If new materialism’s primary affect is awe, thing theory’s affective stance might be a kind of wry frustration. Here I’m thinking of John Plotz’s point that the approach acknowledges the inability to attribute meaning to the object world where it had also attributed mystery. [19] I’m thinking about Bill Brown’s point that we confront objects’ thingness “when they stop working for us: when the drill breaks, when the car stalls, when the windows get filthy, when their flow within the circuits of production and distribution, consumption and exhibition, has been disrupted, however momentarily.” [20] And I’m thinking about Priyanka Ann Jacob’s argument that thing theory is fundamentally literary insofar as texts share those thingy properties of “opacity, persistence, fragmentation, and resistance.” [21] These articulations are striking in their emphasis on limits: on the unknowable, the opaque, the non-functional. When Ray makes survival lists in Gold Fame Citrus: “-matches –crackers  -L –water …or –candles –alcohol —peanuts –L –water ….or, often, only,  -L –water,” the objects accreted within them speak to persistence even as they mark a narrative breakdown. [22] As narrative, these lists are unsatisfying: things without a sense of relation, continuity without development. But it is also precisely this frustration that renders them useful in the context of a climate story. As vanishing objects literally constitutive of subjects-trying-to-endure, these unsatisfactory lists enact in miniature the dynamic of continuity amid an apparently ending world.

Let me take the second hunch—that food serves to productively trouble standard thing/object/subject relations—more slowly. Eating, in bell hooks’ now-classic assertion, is about power. Eating the food of the other “is a way to say, ‘death, I am eating you’ thereby conquering fear and acknowledging power. White racism, imperialism, and sexist domination prevail by courageous consumption. It is by eating the Other…that one asserts power and privilege.” [23] Yet for all consumption, particularly “courageous consumption,” can be an act of violence, it is also never a straightforward act of identity confirmation. When you think too hard about your pringles, about the motion of peristalsis or the inevitability of going to the bathroom, the process of eating begins to feel unsettling. As Moira Gatens and Genevieve Lloyd argue, “Each body exists in relations of interdependence with other bodies and these relations form a ‘world’ in which individuals of all kinds exchange their constitutive parts—leading to the enrichment of some and the demise of others.” [24] Here destruction and enhancement happen simultaneously. “Sustenance,” that etymological cousin of “sustainability,” is explicitly a relation of destruction even as it indexes maintenance.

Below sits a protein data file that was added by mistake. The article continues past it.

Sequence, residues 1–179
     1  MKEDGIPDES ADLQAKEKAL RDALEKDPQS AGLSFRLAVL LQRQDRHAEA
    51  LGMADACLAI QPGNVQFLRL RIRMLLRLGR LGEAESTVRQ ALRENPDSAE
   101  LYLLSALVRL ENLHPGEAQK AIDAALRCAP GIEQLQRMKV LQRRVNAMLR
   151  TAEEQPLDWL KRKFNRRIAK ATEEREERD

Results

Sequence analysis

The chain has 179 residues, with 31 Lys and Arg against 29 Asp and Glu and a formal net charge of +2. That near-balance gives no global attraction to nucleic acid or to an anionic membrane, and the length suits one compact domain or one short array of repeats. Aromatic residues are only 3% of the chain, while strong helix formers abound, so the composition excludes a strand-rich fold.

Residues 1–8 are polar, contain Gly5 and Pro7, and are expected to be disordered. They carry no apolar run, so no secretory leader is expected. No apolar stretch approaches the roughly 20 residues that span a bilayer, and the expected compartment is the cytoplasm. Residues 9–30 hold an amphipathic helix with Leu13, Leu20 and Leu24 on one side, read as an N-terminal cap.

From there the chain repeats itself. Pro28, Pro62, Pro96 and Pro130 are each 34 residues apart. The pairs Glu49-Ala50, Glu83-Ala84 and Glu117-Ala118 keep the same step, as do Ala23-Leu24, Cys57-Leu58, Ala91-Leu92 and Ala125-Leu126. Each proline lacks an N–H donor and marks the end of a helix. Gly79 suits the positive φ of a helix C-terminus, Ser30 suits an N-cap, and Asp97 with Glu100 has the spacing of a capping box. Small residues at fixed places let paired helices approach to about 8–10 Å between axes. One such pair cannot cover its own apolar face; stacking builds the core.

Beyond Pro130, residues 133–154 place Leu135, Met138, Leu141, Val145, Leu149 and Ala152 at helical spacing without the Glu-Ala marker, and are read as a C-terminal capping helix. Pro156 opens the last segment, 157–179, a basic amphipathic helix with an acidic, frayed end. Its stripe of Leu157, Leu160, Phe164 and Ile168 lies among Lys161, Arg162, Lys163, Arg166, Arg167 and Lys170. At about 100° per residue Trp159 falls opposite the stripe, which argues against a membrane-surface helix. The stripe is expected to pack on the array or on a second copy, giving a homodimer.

This paradox becomes even more apparent when the focus is explicitly on literary—not literal—food. As Susanne Skubal points out, “while we can note that the sexual fantasy, phone, or even cybersex will ‘do the trick,’ phantasmic food will not nourish, the word is never further than the thing, though irony may find them in the same orifice.” [25] Food in literature—particularly literature of the climate apocalypse—stages its own inability to provide extra-textual nourishment in its formal role as vanishing object. As Sharon P. Holland, Marcia Ochoa, and Kyla Wazana Tompkins explain in a GLQ issue on the visceral, “the logics of desire and consumption in (post)colonial circuits reveal the carnal processes though which our bodies are materialized as queer, through which they are racialized. These processes produce us as subjects and objects simultaneously, and…the theoretical pressure that the visceral conjures as the line between subject and object—the line between my shit and your shit—becomes increasingly obfuscated in a neoliberal, post-neocolonial, environmentally apocalyptic world.” [26] What I’ve been considering here is the possibility that the frustrations of literary food—its inability to nourish, to catalyze narrative progress, to clearly mark the subject—productively leverage this obfuscation. These grocery lists, like Brown’s broken drill, do not carry momentum and so draw attention to themselves. In that moment of frustration, of literary opacity, the messiness of Anthropocene eating comes in through the back door.